Most 501(c)(3) organizations believe in a simple approach to lobbying: just say no. Lobbying and other forms of political activity are generally believed to be prohibited for 501(c)(3) organizations. However, the IRS has never banned lobbying activity. There are two different ways to measure lobbying activity and still retain your tax-exempt status. With changes in the tax code likely under a new presidential administration, it is important to know what you can and cannot do to make your voice heard, while still retaining tax-exempt status.
What Is Lobbying?
The IRS simply defines “lobbying” as any attempt to influence legislation. It then provides two broad examples of lobbying: attempting to influence the opinions of the general public and communicating with government employees or legislators for the purpose of influencing legislation. Lobbying also includes encouraging members of your own organizations to attempt to influence legislation on their own, even if the member never mentions your organization by name.
The Traditional Test for Lobbying Activities
Section 501(c)(3) states that “no substantial part” of an organization’s activities may consist of attempts to “influence legislation.” Many organizations take this as a warning not to engage in any lobbying activity, or any political activity at all. What activities “influence legislation”? What activities cross the threshold from insubstantial to substantial? Rather than test the IRS’s limits and patience, it was simply easier to avoid all political activity. The IRS never defined “substantial” and a 5% rule of thumb is not a guarantee that the IRS will approve the activity.
Section 501(h) Election
Instead of relying on the vague language of section 501(c)(3), organizations may elect to have their lobbying activities measured under an alternative, bright-line test.
Almost all 501(c)(3) organizations qualify for the 501(h) election. Only private foundations, churches and church auxiliaries that are exempt under section 501(c)(3) are prohibited from using the alternative test for lobbying activities. All other 501(c)(3) organizations are eligible.
Two Types of Lobbying Activities
Section 501(h) divides political activities into two categories: lobbying expenditures and grass roots expenditures. Grass roots expenditures include all money spent attempting to sway the opinions of the public on a political or legislative issue. Lobbying expenditures includes all money spent on grass roots lobbying, but also includes money spent communicating with members of the legislature or other government employees involved in formulating legislation. There are some exceptions, including communications with government employees for purposes other than influencing legislation and publishing non-partisan research and analysis.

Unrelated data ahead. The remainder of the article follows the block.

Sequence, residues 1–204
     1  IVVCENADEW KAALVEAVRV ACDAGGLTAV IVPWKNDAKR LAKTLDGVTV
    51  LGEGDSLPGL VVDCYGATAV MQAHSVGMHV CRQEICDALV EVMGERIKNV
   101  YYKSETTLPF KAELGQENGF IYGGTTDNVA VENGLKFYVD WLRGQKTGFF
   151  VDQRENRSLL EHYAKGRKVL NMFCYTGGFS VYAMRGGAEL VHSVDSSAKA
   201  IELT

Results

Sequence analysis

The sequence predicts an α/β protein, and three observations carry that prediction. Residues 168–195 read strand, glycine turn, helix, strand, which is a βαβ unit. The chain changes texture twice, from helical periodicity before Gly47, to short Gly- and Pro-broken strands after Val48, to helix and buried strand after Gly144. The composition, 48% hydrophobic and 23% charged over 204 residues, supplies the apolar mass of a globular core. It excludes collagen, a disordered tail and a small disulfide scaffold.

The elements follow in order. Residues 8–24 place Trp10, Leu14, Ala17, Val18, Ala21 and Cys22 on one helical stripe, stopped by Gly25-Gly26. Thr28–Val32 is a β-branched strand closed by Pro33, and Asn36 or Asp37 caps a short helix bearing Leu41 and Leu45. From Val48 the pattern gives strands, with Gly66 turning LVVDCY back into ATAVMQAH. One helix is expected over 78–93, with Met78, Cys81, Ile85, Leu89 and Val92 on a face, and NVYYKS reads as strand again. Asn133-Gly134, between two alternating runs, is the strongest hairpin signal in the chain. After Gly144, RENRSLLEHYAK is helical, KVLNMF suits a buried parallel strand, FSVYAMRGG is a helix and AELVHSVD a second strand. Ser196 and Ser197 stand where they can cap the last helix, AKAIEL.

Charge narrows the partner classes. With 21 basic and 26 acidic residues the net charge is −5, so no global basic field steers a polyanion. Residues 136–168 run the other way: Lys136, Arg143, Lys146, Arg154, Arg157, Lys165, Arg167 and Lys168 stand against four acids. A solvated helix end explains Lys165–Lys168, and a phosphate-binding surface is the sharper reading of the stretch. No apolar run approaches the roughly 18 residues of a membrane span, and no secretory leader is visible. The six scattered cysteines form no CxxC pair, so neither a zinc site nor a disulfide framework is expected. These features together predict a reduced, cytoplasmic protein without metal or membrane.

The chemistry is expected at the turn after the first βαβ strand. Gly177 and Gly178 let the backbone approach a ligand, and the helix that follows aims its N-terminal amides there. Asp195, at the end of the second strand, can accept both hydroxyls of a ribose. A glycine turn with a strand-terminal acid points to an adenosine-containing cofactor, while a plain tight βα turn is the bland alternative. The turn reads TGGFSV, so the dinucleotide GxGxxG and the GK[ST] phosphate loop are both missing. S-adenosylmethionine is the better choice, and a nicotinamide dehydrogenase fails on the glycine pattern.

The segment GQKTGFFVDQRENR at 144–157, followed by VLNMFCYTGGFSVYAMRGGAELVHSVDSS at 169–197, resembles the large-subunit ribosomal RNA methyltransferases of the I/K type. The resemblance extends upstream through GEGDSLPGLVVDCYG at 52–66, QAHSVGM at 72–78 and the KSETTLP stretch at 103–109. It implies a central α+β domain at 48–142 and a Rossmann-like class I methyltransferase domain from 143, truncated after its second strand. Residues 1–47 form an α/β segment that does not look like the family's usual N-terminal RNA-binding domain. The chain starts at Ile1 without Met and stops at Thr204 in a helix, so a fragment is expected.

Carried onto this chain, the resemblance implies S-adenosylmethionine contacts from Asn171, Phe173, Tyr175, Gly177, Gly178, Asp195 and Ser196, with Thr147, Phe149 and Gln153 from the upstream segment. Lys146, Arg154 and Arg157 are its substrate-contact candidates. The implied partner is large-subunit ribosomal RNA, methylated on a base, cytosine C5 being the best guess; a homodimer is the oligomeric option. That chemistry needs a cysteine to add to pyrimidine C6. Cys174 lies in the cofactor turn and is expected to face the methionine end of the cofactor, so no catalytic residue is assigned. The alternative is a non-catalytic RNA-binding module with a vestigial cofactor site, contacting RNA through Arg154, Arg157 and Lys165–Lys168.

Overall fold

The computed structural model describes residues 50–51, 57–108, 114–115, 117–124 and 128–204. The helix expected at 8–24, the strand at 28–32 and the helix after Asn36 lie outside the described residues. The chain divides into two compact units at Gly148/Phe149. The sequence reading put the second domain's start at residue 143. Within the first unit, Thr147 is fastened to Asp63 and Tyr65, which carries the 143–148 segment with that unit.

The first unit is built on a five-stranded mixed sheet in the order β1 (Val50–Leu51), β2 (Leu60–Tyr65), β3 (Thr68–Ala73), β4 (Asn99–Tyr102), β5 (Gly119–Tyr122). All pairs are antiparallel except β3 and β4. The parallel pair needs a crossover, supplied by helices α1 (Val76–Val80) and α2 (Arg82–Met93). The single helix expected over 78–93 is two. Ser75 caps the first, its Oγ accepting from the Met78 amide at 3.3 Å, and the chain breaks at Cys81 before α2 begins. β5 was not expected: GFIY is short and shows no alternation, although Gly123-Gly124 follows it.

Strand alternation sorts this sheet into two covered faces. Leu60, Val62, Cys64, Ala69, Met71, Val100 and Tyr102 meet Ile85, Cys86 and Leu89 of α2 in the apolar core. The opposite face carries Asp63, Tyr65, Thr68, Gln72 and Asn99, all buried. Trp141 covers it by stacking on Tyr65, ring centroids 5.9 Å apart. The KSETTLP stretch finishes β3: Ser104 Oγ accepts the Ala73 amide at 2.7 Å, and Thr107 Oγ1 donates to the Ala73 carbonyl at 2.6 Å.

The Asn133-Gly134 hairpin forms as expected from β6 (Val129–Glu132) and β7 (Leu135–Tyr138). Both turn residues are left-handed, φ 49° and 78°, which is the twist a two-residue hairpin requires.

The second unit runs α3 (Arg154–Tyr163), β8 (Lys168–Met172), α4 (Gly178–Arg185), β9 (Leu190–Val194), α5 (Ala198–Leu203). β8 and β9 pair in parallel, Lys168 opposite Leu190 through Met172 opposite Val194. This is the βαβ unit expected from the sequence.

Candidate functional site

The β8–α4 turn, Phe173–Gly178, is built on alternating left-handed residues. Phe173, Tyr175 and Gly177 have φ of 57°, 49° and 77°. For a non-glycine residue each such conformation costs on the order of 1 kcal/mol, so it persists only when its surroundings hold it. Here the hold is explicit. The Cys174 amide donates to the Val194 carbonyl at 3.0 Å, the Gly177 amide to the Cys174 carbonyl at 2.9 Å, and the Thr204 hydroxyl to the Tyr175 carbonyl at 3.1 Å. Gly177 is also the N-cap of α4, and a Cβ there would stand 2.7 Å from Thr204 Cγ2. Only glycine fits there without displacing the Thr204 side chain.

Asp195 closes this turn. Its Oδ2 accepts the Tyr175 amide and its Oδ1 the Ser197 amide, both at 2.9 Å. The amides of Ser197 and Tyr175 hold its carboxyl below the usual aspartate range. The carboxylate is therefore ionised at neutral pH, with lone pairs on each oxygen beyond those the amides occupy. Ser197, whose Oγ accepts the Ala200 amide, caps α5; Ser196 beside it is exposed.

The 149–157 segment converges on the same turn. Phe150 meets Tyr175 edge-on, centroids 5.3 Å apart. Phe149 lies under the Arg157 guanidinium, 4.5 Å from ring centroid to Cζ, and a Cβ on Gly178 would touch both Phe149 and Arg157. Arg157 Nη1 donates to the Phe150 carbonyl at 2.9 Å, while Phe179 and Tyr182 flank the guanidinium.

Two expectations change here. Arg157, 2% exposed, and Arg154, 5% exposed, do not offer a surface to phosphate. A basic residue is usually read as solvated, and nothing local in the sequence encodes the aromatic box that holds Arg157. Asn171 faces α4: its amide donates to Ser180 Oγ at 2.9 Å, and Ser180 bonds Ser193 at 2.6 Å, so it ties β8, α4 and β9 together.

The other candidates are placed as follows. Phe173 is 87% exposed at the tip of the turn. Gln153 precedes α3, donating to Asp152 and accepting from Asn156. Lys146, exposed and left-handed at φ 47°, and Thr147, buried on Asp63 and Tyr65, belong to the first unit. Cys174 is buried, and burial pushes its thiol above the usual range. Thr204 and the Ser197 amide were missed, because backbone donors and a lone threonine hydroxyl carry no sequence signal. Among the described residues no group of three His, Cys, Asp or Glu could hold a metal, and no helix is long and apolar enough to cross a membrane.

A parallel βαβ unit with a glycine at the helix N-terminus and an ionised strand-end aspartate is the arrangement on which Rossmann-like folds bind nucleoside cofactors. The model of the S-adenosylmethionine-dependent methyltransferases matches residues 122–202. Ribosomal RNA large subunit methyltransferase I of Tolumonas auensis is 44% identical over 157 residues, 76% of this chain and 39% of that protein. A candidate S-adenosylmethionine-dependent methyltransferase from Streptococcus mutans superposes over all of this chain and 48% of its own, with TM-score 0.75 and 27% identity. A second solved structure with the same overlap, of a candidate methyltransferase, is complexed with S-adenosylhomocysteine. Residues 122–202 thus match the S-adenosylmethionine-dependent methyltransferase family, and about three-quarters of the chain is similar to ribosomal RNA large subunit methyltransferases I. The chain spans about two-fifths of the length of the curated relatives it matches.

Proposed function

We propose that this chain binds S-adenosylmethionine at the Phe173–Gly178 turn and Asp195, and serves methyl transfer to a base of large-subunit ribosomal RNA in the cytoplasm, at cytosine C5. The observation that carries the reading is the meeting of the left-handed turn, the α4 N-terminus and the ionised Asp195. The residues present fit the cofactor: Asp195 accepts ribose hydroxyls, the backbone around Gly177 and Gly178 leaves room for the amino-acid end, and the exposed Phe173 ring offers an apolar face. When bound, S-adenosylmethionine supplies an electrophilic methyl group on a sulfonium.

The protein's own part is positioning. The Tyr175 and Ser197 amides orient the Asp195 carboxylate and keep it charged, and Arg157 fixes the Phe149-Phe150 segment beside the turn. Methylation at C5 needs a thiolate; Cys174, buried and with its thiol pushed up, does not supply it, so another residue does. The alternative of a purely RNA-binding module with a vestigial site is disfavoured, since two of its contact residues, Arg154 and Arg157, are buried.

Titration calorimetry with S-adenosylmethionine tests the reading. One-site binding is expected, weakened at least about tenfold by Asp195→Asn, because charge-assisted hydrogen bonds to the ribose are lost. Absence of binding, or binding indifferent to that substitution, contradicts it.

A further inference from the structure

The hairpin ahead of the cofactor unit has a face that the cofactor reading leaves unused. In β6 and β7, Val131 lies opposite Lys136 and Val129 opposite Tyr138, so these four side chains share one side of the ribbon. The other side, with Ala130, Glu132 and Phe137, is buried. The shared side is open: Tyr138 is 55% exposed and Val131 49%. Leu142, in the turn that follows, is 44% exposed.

Determining the Taxable Amount
If an eligible organization decides to make a 501(h) election for a certain tax year, its tax exemption will not be jeopardized by lobbying activities unless it spends more than a certain amount on those activities. For organizations that spend less than $500,000.00 on their exempt charitable purposes each year, the lobbying ceiling is calculated as follows: take 20% of your exempt purpose expenditures amount. For larger organizations, there are different threshold calculations. The grass roots expenditures ceiling is typically 25% of the lobbying expenditures ceiling. You need to keep track of expenditures if you make the election. In addition, certain very large organizations may not be eligible.
How to Make the Election
To ensure that this alternative lobbying test applies to your organization, you must file an election on Form 5768 for each tax year in which you want the test to apply. If you do not file the election form, then the traditional test still applies and you risk being evaluated under the “substantial” test.
If you want to learn more about the election and how it may benefit your organization, please contact us for more information.